The Competition and Consumer Commission of Singapore (CCCS) has raised “competition concerns” about Grab’s proposal to acquire Singapore’s third-largest taxi operator, Trans-cab.

CCCS said in a statement on Monday that it was unable to conclude at the end of its Phase 1 review that the proposed acquisition “does not give rise to any competition concerns”.

“CCCS has raised competition concerns with the parties (Grab and Trans-cab) on the proposed acquisition, based on information received from the Parties and third-party feedback from industry players and members of the public during the Phase 1 review,” it said.

In particular, notwithstanding that licensed ride-hail operators are prohibited from imposing exclusive arrangements that prevent their driver-partners from driving for rival ride-hail operators under the Point-to-Point Transport regulatory framework, third-party feedback received by CCCS suggests concerns on the effect of Grab’s ownership of the Trans-cab fleet on Trans-cab drivers’ usage of rival ride-hail platforms, which may raise barriers to expansion and entry for Grab’s rival ride-hail platforms, given the importance of scale in the ride-hail platform industry, the commission explained.

“Accordingly, CCCS needs to review the competition effects of the proposed acquisition in greater detail,” CCCS added.

At this stage, the parties may offer commitments to address the potential competition concerns of the proposed acquisition raised by CCCS.

“Otherwise, CCCS will proceed to a more in-depth Phase 2 review of the proposed acquisition upon CCCS’s receipt of the relevant documents from the parties. Commitments may also be offered at any time during a Phase 2 review,” the commission added.

The statement comes after the CCCS completed its Phase 1 review of the proposed acquisition by Grab through its wholly-owned subsidiary, Grab Rentals Pte Ltd of 100 percent stake in Trans-cab.

NASDAQ-listed Grab and Trans-cab announced in July the signing of an agreement for GrabRentals to acquire 100 percent of the shares in Trans-cab.

Grab said in a statement then that Trans-cab, a local brand that has been serving Singaporeans since 2003, has a combined taxi and private-hire-vehicle (PHV) fleet of more than 2,500 vehicles, and is accretive on a net income basis to Grab’s business. The acquisition includes Trans-cab’s taxi and car rental business, maintenance workshop, and fuel pump operations.

On Aug 7, 2023, CCCS embarked on its Phase 1 review following the acceptance of an application from the parties for a decision on whether the proposed acquisition, if carried into effect, would infringe section 54 of the Competition Act 2004, which prohibits mergers that have resulted, or may be expected to result, in a substantial lessening of competition within any market in Singapore.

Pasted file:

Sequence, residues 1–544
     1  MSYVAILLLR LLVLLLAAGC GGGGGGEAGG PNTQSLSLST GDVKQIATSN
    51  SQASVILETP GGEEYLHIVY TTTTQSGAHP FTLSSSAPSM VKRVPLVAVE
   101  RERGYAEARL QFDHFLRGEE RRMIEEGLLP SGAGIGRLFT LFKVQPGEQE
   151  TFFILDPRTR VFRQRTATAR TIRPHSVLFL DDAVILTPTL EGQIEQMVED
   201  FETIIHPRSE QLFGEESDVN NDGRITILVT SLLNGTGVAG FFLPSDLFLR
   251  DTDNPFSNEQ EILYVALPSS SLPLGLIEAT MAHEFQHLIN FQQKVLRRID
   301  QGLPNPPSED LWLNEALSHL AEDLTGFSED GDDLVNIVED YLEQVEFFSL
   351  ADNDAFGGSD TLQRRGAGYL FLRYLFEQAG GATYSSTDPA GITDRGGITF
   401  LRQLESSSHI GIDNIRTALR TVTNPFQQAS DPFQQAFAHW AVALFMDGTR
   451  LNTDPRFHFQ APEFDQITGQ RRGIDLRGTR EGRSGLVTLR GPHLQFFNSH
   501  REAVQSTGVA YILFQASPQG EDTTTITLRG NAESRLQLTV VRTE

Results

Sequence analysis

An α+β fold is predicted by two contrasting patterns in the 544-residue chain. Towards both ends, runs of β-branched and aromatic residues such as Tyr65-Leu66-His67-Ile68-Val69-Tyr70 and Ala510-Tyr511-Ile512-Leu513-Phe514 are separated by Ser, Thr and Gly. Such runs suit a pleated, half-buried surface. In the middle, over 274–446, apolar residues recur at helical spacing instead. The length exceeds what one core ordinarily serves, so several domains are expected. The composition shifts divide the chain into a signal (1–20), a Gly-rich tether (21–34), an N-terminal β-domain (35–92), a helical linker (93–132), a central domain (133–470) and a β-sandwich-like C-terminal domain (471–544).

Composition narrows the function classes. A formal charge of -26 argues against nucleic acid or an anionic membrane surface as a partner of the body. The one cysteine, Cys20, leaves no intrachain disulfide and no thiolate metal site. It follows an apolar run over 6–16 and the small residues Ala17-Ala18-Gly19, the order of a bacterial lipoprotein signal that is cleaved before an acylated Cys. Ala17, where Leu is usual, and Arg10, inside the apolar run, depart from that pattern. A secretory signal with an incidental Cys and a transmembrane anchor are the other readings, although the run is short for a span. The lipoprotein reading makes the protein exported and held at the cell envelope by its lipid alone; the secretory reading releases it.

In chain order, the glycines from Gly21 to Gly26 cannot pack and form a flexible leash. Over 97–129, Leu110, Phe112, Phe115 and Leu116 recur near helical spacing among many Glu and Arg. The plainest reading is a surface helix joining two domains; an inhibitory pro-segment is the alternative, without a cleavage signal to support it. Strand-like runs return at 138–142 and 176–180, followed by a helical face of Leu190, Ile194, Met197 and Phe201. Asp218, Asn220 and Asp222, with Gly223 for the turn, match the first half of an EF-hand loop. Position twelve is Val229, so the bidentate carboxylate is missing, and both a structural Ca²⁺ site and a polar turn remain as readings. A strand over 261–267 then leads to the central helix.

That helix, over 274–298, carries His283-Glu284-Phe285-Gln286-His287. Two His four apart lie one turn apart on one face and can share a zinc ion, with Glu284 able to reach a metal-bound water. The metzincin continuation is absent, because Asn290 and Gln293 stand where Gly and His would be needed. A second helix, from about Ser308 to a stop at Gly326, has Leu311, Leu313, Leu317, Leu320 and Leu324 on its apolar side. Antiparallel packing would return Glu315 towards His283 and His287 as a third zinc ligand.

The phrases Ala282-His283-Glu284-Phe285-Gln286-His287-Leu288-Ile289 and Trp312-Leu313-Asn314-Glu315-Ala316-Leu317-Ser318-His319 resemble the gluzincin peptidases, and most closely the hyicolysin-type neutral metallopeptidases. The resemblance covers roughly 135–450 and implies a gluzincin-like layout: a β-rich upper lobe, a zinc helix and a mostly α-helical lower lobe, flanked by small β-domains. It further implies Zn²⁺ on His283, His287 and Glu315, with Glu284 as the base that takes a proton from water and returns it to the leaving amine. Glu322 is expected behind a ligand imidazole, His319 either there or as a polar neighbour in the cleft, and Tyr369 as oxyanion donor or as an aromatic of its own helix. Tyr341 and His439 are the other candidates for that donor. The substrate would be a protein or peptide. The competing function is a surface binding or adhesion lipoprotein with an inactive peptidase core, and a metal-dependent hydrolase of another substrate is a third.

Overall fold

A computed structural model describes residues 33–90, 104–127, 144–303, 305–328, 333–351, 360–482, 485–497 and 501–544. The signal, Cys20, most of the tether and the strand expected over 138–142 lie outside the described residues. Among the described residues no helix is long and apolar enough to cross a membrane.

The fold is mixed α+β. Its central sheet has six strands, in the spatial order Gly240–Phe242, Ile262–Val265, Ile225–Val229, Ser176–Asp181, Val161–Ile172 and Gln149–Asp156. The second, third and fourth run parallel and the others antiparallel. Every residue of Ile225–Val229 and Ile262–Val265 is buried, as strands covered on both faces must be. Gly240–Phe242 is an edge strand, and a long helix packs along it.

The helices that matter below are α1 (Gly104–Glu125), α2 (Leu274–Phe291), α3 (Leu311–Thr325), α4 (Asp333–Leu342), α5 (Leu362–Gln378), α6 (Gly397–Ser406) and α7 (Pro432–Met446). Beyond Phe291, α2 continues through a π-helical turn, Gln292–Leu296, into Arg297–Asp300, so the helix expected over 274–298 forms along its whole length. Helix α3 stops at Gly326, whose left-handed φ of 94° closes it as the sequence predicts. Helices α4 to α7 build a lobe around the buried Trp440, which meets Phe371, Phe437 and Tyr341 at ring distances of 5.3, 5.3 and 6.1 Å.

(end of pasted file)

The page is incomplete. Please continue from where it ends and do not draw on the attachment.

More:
GrabRentals owns a fleet of private-hire cars for rental to drivers for the provision of ride-hail services to passengers, according to the statement.

In Singapore, Grab operates primarily over a mobile application across the digital financial services, delivery and mobility sectors, which also include ride-hail platform services. Trans-cab is a licensed street-hail service operator in Singapore and also owns a fleet of private-hire cars for rental to drivers for the provision of ride-hail services.

Trans-cab offers phone taxi booking services to passengers but only for the taxi fleet operated by Trans-cab. The parties overlap in the provision of private-hire car rentals for ride-hail services in Singapore and ride-hail platform services in Singapore, CCCS added.

The CCCS is a statutory board of the Ministry of Trade and Industry. CCCS administers and enforces the Competition Act 2004 which empowers CCCS to investigate and adjudicate anti-competitive activities, issue directions to stop and/or prevent anti-competitive activities and impose financial penalties.

CCCS is also the administering agency of the Consumer Protection (Fair Trading) Act 2003 which protects consumers against unfair trade practices in Singapore. The commission said its mission is to make markets work well to create opportunities and choices for business and consumers in Singapore.

According to the statement, Section 54 of the Competition Act 2004 prohibits mergers that have resulted, or may be expected to result, in a substantial lessening of competition in Singapore.

CCCS is generally of the view that competition concerns are unlikely to arise in a merger situation unless:

– The merged entity has/will have a market share of 40 percent or more; or
– The merged entity has/will have a market share of between 20 percent to 40 percent and the post-merger combined market share of the three largest firms is 70 percent or more.

Merging entities are not required to notify CCCS of their merger but they should conduct a self-assessment to ascertain if a notification to CCCS is necessary. If they are concerned that the merger has infringed, or is likely to infringe, the Act, they should notify their merger to CCCS. In such cases, CCCS will assess the effect of the merger on competition.

Grab acquires Singapore’s third largest taxi operator Trans-cab through its GrabRentals arm